Rapid Assessment of the Environmental and Health Impacts of the Estancia Oil Spill Incident

Posted:

April 13, 2015

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EXECUTIVE SUMMARY

On November 8, 2013, Typhoon Yolanda (international name Haiyan) wrought havoc to the greater part of the Visayan Region and resulted to the grounding of the 32-MW Power Barge 103 on the shores of Brgy. Botongon, Municipality of Estancia in the province of Iloilo. As of December 14, 2013, the Philippine Coastguard reported that almost 2 km of the coastline had been dispersed with 200,000 liters of bunker oil. The power barge, which contained 1.4 million liters of bunker oil, is owned by the Power Sector Assets and Liabilities Management Corporation (PSALM) and operated by the National Power Corporation (NAPOCOR).

The oil spill had a great impact to the economic activity in Estancia, as most residents depend mainly on the municipal fishing ground for subsistence. The incident also caused residents of Botongon who had direct contact with contaminated water and were exposed to ambient air pollution to experience various respiratory and skin illnesses. Some residents were even forced to evacuate to safer grounds in the Poblacion where tents were setup by foreign donors.

On December 21, 2013, AGHAM-Advocates of Science and Technology for the People, Center for Environmental Concerns and Bayan Muna Panay, conducted a rapid assessment of the environmental and health impacts the oil spill may have brought on to the area.  

One of the salient findings of the study is that the responsible parties, local and national government failed to provide immediate and appropriate oil spill emergency response and restoration measures that would have addressed the urgent needs of the affected community.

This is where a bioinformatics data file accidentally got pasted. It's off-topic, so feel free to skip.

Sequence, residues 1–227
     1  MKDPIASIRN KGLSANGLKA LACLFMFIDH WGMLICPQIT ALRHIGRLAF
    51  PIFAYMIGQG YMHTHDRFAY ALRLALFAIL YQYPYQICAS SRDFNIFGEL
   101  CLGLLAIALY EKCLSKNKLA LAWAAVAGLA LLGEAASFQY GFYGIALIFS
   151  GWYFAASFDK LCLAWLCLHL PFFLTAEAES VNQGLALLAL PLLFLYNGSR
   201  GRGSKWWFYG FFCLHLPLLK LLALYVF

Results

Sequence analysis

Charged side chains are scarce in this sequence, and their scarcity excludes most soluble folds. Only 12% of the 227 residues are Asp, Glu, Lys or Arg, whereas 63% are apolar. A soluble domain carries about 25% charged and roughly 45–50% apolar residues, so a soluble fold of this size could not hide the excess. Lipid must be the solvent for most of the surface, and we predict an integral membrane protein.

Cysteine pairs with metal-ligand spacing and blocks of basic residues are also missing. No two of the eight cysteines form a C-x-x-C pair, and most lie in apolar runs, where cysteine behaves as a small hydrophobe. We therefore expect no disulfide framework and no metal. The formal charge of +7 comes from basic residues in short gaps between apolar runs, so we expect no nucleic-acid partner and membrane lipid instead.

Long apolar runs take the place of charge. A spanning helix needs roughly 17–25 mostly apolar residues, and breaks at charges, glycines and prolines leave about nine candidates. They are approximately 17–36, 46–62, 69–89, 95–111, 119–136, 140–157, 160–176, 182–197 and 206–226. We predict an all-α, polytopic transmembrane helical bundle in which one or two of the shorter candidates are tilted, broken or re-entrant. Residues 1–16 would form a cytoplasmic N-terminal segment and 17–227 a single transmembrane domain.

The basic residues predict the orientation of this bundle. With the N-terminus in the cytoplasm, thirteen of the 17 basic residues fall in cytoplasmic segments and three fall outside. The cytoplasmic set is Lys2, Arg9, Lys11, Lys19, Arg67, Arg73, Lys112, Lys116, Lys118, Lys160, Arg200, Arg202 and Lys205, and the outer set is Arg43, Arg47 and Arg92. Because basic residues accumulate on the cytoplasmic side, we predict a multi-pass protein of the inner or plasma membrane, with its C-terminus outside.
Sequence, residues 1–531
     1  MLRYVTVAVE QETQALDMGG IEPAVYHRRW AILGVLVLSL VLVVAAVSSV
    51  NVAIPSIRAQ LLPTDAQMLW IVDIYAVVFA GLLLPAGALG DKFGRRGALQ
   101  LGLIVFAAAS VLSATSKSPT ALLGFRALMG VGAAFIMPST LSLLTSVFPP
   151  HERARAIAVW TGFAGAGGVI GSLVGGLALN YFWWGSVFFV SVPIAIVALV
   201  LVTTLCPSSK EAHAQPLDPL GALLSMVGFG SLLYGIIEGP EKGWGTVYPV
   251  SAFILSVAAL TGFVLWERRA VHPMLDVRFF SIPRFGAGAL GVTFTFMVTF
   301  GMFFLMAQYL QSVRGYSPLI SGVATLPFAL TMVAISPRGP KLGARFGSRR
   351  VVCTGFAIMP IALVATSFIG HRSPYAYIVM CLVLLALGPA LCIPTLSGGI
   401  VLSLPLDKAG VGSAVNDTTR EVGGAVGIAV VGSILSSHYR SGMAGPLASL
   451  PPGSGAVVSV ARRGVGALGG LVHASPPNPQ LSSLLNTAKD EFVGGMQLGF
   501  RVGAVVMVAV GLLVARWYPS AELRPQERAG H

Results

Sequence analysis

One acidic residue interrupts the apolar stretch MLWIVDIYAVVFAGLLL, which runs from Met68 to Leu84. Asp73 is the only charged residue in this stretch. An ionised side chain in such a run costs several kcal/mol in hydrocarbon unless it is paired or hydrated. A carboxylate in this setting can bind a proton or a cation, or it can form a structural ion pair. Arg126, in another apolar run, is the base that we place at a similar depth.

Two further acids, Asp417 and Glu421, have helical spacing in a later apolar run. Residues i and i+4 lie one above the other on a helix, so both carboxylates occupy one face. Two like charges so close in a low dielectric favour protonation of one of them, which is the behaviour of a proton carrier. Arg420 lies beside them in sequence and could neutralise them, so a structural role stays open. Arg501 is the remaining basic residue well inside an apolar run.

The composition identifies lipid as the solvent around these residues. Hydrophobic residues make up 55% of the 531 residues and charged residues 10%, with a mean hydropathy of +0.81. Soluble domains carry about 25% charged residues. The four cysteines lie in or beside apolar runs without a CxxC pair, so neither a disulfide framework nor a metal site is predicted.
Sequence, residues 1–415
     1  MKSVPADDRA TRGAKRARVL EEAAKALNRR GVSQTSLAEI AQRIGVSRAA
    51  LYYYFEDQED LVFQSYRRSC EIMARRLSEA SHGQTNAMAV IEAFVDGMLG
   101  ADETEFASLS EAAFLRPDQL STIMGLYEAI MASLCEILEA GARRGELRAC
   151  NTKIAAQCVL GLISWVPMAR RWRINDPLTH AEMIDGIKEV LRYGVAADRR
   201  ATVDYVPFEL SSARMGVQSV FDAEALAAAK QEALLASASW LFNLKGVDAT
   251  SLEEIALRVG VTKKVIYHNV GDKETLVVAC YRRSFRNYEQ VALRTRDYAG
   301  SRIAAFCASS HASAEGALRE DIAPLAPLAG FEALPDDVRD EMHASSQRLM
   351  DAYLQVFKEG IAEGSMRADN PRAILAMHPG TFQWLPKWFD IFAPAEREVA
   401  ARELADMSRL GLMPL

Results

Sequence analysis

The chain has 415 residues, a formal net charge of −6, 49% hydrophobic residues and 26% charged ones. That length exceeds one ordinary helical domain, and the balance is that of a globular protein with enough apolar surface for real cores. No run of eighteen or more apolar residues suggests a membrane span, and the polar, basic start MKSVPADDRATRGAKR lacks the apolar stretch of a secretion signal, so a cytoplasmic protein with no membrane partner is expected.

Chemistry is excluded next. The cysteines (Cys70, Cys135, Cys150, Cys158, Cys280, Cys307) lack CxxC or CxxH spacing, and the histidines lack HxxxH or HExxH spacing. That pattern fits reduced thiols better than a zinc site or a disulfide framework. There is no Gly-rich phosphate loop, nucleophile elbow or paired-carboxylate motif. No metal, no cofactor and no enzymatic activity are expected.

There was a clear violation of the principles and provisions outlined in the Republic Act No. 9483 or the Oil Pollution Compensation Act of 2007. The said law declares the state’s commitment to implement the 1992 International Convention on Civil Liability for Oil Pollution Damage and the 1992 International Convention of the Establishment of an International Fund for Compensation for Oil Pollution Damage.

As a result of the rapid assessment, Agham strongly recommends that further scientific investigations, such as comprehensive environmental impact assessment and hazard analysis of the oil spill to the coastal resources and communities be conducted. The main purpose of the study is to come up with necessary rehabilitation procedures that could be undertaken and could be a basis for the just compensation to the affected communities and sectors.

As part of the oil spill response, it is crucial to regularly monitor the level of benzene and sulphur dioxide and other toxic vapors and persistent pollutants to ascertain the safety implications on the residents and the environment. There is also a need to set-up a community-based health monitoring system that would capacitate the community to assess the health conditions of the affected residents of Brgy. Botongon.

On top of the monitoring, a quick, effective and careful implementation of a rehabilitation and restoration plan of impacted coastal areas is required to clean up the dense bunker fuel that choked mangroves and coastal resources.

In terms of policy, there is a need to review the existing RA 9483 or the Oil Pollution Compensation Act and how it is currently being implemented. As an archipelagic country that is constantly visited by typhoons and associated environmental catastrophes, the increasing number of maritime disasters occurring in the Philippine waters is a strong wake up call to assess the effectiveness of the law.

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